Neal Cassady was born on February 8th, 1926 in Salt Lake City as his alcoholic barber father made his way to Hollywood and a downhill drunken spiral that ended with Neal Sr and Jr at 6 years old living in a Denver slum flophouse with a legless, drunken, publicly masturbating beggar. According to his later reflections he did not find this particularly disturbing though he was already engaging in the obsessive behaviour for which he would later become famous. He later lived with his mother where he was abused by his older violent bullying step brother. He spent summers hoboing and begging with his father where his first sexual experience at age 9 consisted of following an older brother raping his sisters in the barn where the feeble minded family lived while the fathers looked on drunk. He spent time in reform school for car theft and minor crimes but even at a young age he was able to launch naturally into the verbal torrents and physical tics that most people require large overdoses of amphetamines to begin and to attract the attention of some older mentors.
In 1946 with his 16 year old wife he stole a car and headed for New York to meet Allen Ginsberg and Jack Kerouac of whom he'd heard through mutual friends. He was physically tough though not violent (except to women) with a strong sex drive and endless energy mostly provided by amphetamines. A psychopath who was ready for anything except scruples and prudence. Though never writing anything more than letters he became the central figure amongst the 'Beats'. Cassady did this by having sex (despite his strong heterosexuality) with Allen Ginsberg thereby converting him into a love struck worshipper who was under his spell for years and leading Kerouac who wanted adventure, but had little courage, out onto the road. He seemed to enjoy nothing as much as driving somewhere else.
Cassady returned to Denver after a few months where he married Carolyn Robinson on April 1st, 1948 with whom he eventually had 3 children and a 14 year marriage. He worked as a railroad brakeman until he conned a disability payout by crushing his foot. Part of this went on a suburban home and $10,000 on the racetrack where Cassady had discovered a sure fire system and part on drugs which Cassady used as frequently as he could.
Kerouac and Ginsberg's controversial publications had given a Cassady a minor fame which rebounded on him when he was arrested for marijuana possession and sentenced to two years goal in 1958. In 1962 he introduced himself to Ken Kesey who had great success with his first novel, 'One Flew Over the Cuckoo's Nest' and who had become a dominant figure in the Palo Alto bohemian scene. He became the main driver of the Merry Prankster's bus ride across USA in the stoned retelling and retelling of which he has become more and more a magical and mythical figure "Speed Limit" (at right flipping a hammer, one of his repertoire of repetitions).
Both Kerouac and Ginsberg have written of Cassady as "holy" and a "saint", "christ like" and he was able to impress many apparently intelligent, sensitive people as to his brilliance - especially if they were stoned or tripping. Yet his intellectual and spiritual ideas and interests were mediocre, even stupid - Edgar Cayce and gambling and drugs. He was a psychopathic conman and thief who stalked disturbed women, whose sexual gratification was enhanced by, even required violence against his women partners and who would invariably cheat and let down even his best friends and abandon his "wives" and children.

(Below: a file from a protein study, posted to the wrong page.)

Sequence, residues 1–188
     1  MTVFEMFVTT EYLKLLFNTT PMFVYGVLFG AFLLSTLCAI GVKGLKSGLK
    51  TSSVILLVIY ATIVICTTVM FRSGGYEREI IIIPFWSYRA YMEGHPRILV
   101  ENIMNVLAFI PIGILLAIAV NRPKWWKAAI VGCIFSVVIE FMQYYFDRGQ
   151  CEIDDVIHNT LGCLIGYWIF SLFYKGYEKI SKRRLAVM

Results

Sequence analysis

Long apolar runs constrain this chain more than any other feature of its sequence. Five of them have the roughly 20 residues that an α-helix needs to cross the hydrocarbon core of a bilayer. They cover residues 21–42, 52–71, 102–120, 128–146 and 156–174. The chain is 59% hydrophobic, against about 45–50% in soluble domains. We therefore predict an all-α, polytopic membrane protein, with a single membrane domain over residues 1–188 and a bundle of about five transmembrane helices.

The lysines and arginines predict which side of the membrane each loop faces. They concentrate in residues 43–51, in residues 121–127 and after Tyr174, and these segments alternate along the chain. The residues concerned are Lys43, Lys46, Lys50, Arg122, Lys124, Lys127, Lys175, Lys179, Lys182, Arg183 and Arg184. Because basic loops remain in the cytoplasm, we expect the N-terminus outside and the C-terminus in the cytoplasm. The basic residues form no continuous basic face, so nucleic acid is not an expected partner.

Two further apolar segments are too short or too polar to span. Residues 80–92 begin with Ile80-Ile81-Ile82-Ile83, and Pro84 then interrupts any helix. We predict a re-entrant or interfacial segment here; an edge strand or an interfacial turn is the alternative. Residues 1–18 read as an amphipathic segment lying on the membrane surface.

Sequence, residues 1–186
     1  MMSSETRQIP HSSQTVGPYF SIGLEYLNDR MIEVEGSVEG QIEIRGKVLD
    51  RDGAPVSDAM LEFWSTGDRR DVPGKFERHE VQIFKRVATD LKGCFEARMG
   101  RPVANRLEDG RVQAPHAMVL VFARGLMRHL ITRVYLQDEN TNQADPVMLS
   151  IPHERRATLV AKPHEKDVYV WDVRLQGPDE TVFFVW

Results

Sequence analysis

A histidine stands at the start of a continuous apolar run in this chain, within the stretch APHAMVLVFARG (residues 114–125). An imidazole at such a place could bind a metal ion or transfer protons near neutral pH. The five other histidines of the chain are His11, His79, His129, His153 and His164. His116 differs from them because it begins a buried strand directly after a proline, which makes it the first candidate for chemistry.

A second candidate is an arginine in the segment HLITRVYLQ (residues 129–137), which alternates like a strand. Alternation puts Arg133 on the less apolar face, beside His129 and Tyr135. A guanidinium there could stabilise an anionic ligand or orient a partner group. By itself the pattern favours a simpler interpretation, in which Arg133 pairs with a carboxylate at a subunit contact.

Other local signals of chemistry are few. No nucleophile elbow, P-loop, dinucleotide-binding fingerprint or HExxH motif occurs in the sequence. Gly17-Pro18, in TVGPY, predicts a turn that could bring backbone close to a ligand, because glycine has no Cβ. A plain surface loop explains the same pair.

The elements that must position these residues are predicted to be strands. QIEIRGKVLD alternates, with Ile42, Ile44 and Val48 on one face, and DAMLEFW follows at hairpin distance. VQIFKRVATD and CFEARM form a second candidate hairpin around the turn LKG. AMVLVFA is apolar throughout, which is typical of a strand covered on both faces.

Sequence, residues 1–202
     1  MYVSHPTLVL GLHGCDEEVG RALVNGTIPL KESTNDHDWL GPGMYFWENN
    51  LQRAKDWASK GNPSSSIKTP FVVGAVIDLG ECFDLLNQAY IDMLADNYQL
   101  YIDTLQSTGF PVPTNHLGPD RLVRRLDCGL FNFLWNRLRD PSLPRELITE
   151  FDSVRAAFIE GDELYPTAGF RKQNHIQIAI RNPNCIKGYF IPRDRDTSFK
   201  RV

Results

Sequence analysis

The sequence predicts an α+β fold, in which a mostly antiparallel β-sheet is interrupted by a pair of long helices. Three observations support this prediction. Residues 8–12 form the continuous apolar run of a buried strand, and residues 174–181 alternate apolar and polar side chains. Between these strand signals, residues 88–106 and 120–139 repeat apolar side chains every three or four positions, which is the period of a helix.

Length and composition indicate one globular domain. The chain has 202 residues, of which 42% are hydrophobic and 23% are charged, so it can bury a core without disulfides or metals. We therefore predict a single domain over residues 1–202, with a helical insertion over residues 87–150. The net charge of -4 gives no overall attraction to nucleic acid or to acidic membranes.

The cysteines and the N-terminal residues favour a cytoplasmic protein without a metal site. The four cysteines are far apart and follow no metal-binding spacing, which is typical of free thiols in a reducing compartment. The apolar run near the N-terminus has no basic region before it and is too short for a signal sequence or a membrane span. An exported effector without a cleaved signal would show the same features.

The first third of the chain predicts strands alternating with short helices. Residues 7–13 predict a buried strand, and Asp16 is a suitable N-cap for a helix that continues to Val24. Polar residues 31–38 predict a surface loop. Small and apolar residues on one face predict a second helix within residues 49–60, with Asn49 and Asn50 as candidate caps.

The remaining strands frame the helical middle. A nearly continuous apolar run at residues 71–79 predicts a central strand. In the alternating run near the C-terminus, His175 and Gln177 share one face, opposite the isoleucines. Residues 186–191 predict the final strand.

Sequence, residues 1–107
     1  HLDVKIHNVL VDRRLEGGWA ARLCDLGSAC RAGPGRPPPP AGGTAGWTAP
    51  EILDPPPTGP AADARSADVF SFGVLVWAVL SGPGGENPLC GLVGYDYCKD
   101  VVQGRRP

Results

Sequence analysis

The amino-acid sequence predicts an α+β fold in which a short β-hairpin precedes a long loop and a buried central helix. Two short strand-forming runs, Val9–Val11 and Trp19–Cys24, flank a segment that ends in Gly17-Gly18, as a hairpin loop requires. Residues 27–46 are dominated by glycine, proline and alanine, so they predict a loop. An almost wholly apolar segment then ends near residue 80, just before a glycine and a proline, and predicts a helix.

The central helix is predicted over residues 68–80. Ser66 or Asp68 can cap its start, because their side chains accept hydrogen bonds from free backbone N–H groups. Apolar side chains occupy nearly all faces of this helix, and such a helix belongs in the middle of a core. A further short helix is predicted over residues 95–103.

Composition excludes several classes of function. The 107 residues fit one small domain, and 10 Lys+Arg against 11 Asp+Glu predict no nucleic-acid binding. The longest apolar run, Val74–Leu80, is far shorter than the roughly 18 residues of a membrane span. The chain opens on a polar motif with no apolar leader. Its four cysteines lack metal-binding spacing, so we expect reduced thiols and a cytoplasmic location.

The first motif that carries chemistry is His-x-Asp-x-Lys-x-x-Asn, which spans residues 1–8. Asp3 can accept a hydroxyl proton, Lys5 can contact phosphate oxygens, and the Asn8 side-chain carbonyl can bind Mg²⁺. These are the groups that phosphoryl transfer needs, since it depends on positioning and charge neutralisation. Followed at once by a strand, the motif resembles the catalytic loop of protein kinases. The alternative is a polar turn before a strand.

He had qualities that were similar to those expected of saints in the Eastern traditions. "Realised souls" are supposed to be detached from other people and the results of their actions and live in the "here and now" without fear for the future and past. This is how Cassady lived but he did it from a purely selfish, sociopathic consciousness but as he combined it with frenzied energy, working class strength and bohemian raves he was able to con the "beats", intellectuals and immature "hippies" without too much trouble. It's no surprise that the other Beat conman, William Burroughs, never fell under his spell but his "holy" stature is indicative of the emptiness in the "Beat" milieu.
His amphetamine abuse and increasing psychosis alienated him more and more from others, even the hero-worshipping hippies and in 1968 he died alone on a Mexican railroad track from an overdose of alcohol and barbiturates and/or exposure. He died aged 41 whether it was from a short-term or long-term overdose couldn't be determined.
- The Holy Goof
A Biography of Neal Cassady
- Off The Road with Kerouac & Cassaday
By wife of Cassady
- The Beats
- The Birth of the Beat Generation
Good short introduction, with plenty of pictures for the non-literate.
- The Electric Kool-Aid Acid Test
Ironic history of the Merry Prankster's bus ride across USA, the book that it famous.
- On The Bus
Ken Babbs & Paul Perry
Extremely illustrated "history" of the Merry Prankster's bus ride across USA.
- The Furthur Inquiry
Pseudo trial of the spirit of Neal Cassady with plenty of pictures for the non-literate. Furthur proof that drugs do not enhance literary creativity.
- Ginsberg A Biography
Hagiography by a long time Ginsberg associate that doesn't attempt to sanitise his picture of Ginsberg for the "squares" too much.
- Dharma Lion A Critical Biography
It's unlikely that anybody naming a book about Ginsberg 'Dharma Lion' would be capable of critical thinking about him and Schumacher certainly proves this point. A lot more detailed than Miles' biography and somewhat more sanitised also, twice the words and half the drugs and sex of Mile's book.
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